ESG InvestingAug 7 2020

Boohoo issues highlight ESG ‘minefield’ for advisers

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Boohoo issues highlight ESG ‘minefield’ for advisers
Boohoo was held by several ESG funds despite allegations of poor working practices in factories making its clothes

The asset management industry’s ‘full speed ahead’ approach to providing environmental, social and governance investing has left advisers with a “minefield” of ratings, due diligence and fact-finding potholes to navigate.

ESG investing has boomed in popularity over recent years as fears over climate change have led investors to consider the impact of their money and as a growing number of millennials have begun investing.

Morningstar’s latest report showed assets held in ESG funds worldwide hit a record £810tn in June this year as investors pumped £54bn into sustainable products in Q2 alone.

Fund houses have been quick to respond to the ongoing trend with numerous fund launches.

The problem

But the complex nature of a client’s ESG choices, the sometimes contradictory and flawed rating systems and fears of ‘greenwashing’ have created a confusing and challenging maze for advisers, experts have warned.

The recent Boohoo scandal was a prime example of the issue – the fast-fashion retailer was given an AA rating by MSCI for above-average labour standards just weeks before The Sunday Times reported in early June workers making its clothes were paid below minimum wage and suffered poor working conditions.

Boohoo has since announced an independent review of its supply chain, though it has said there were inaccuracies in the reporting that made the allegations.

It has since emerged 20 ESG funds had invested in Boohoo. These included Aberdeen Standard’s UK Ethical Equity and UK Impact Employment Opportunities Equity funds, which held it as its largest single holding.

Manager Lesley Duncan said she had engaged with Boohoo about its ESG performance over a period of years and felt progress was being made, but she concluded the company’s response to the recent allegations was “inadequate in scope, timeliness and gravity” and her funds sold their holdings in Boohoo in early July.

Boohoo was also held by the Premier Ethical fund, which has also sold its position since the allegations emerged.

Steve Nelson, insight director at the Lang Cat, said: “It is a minefield for advisers.

“What financial services is adept at is getting very quickly into ‘manufacturing mode’ and before you know it we have lots of ESG funds and risk ratings when it is clear the notion of what exactly ESG is isn’t mature enough yet or fully defined.”

He said there was a series of processes available that “spit out a rating” that just “would not pass the sniff test of a human being”.

Mikkel Bates, regulatory manager at FE Fundinfo, agreed. He said: “You cannot expect investors or even advisers to have a clue what the difference is between the ratings, or keep up with company changes.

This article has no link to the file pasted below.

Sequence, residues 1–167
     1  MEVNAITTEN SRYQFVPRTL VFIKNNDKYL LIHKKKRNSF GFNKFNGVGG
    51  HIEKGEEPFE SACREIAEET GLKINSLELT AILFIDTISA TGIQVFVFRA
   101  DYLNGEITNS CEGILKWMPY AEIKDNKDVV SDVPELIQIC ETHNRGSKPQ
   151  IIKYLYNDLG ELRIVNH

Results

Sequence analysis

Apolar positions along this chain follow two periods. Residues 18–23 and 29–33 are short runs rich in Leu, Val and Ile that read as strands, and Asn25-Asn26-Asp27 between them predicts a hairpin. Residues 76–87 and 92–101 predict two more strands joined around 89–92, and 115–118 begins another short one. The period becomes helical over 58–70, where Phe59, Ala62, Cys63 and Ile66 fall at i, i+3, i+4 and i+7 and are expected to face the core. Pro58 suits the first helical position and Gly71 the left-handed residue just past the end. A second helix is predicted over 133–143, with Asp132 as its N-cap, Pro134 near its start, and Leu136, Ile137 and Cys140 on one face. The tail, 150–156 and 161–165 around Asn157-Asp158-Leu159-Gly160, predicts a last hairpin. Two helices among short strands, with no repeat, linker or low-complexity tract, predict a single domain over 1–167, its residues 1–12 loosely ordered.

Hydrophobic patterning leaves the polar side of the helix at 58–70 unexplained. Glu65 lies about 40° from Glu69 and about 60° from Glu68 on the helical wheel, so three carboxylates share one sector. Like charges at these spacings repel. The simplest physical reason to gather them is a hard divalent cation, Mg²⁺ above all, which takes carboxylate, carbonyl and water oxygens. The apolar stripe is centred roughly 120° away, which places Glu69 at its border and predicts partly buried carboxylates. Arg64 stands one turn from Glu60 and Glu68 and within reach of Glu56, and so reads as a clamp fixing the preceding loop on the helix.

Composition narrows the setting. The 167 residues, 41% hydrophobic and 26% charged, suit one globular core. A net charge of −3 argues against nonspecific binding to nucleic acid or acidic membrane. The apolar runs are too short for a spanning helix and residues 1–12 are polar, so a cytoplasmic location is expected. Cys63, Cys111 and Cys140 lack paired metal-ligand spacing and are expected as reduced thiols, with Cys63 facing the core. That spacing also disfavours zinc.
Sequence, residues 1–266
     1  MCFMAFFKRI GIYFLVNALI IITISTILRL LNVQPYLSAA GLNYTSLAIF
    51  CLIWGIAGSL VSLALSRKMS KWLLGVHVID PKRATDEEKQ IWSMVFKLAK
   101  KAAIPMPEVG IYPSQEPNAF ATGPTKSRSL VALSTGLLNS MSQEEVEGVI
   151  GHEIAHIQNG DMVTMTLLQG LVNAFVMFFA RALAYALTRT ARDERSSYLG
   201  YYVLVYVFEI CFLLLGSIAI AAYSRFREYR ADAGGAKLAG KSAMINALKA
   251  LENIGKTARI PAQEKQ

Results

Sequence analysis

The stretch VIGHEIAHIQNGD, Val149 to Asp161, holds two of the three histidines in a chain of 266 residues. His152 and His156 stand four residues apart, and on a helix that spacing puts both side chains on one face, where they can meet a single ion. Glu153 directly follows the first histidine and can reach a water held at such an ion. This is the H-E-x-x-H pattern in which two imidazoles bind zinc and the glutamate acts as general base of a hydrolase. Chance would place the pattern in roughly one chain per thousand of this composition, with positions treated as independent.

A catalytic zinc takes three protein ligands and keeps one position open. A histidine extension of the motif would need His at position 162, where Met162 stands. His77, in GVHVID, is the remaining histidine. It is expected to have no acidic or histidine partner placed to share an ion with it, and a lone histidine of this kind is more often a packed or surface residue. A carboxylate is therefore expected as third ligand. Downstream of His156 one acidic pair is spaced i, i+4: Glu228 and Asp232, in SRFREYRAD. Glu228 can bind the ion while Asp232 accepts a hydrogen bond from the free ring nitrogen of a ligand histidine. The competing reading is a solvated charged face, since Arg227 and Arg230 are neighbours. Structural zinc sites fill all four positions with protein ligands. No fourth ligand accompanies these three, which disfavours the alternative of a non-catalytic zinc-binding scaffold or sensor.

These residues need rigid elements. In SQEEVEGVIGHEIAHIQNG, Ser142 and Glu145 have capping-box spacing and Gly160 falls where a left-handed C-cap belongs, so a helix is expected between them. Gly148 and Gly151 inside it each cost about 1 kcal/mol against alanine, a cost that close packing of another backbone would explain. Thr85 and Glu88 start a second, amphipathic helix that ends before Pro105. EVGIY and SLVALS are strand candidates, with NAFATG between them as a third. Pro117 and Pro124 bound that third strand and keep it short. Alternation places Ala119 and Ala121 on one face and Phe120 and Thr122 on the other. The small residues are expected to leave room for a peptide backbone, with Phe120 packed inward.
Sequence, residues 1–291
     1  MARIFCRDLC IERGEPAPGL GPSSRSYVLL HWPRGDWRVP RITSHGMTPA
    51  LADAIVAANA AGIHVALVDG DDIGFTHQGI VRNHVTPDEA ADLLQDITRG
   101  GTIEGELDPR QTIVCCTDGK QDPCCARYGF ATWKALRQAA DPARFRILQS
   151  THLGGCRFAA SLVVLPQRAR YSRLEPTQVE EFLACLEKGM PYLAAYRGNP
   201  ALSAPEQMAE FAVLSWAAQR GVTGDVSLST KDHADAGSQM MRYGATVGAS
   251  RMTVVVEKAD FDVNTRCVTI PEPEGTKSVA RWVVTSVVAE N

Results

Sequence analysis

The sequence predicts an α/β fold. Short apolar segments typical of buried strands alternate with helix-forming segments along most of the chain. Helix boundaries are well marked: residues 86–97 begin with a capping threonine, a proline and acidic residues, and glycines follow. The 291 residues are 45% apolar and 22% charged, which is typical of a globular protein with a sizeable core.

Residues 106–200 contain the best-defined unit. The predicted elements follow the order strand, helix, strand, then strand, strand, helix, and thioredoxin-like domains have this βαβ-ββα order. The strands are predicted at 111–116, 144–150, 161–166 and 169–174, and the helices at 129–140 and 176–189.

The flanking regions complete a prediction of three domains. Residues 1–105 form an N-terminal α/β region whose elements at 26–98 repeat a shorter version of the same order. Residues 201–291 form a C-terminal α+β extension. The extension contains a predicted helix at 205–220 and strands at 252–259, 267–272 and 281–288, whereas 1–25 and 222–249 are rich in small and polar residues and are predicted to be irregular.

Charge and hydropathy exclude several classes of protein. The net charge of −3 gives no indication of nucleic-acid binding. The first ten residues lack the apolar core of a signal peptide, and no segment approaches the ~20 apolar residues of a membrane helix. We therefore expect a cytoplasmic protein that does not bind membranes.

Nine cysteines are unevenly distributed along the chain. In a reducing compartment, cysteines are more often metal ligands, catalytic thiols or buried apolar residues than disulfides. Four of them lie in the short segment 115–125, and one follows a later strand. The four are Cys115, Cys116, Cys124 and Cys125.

“It’s not easy at all as there are several aspects to the question – the client’s values, what the regulator expects, how the asset manager behaves. ”

What to do

Advisers have been urged to delve into their clients’ ESG preferences thoroughly to ensure the fund matches their values.

Clive Waller, managing director of CWC Research, said: “The adviser should ensure they discover what the client wants. It could be ethical, thematic, sustainable or ESG.

“This may be painstaking, as a client may wish to invest in companies that do good. This is subjective. For example, medical protective equipment is made from plastic, largely, which comes from oil.”

Mr Waller urged “good IFAs” to develop a proposition and to research providers who could fulfil it.

David Boyhan, a consultant at compliance firm TCC, agreed. He said: “Having a client tick a box to say they are interested in ESG funds won’t tell the full story. There needs to be a conversation about why the client is attracted to these funds.”

Meanwhile Darius McDermott, managing director of FundCalibre, said funds that provide their own ESG analysis were a safer bet as third-party data providers were “backwards looking and had notable gaps”.

He added: “Good fund due diligence should involve understanding the criteria of an ethical fund and the process taken to get there, cross referenced with the portfolio to identify any contradictions”.

A report by wealth manager SCM Direct, published in November last year, revealed there was a low correlation between different ESG scores.

For example, Tesla is ranked by MSCI at the top of the industry on ESG issues while FTSE brands it as the worst carmaker globally. Sustainalytics puts the company in the mid-table.

According to the report, MSCI had given Tesla a near-perfect score due to its clean technology, while FTSE ranked it low as it only rated the emissions from its factories.

Hortense Bioy, sustainability research director at Morningstar, said there was “no shortcut to proper due diligence when selecting an ESG fund”.

She added: “This is where ESG allocation funds can come in handy. Multi-asset fund managers can apply consistent exclusions policies and consistent ESG incorporation strategies across the whole portfolio.”

But Mr Nelson urged advisers to look to specialists for help.

He said advice companies’ centralised investment propositions were often not compatible for clients with stringent ESG principles, so outsourcing was the “safest way” to deal with bespoke needs and requirements.

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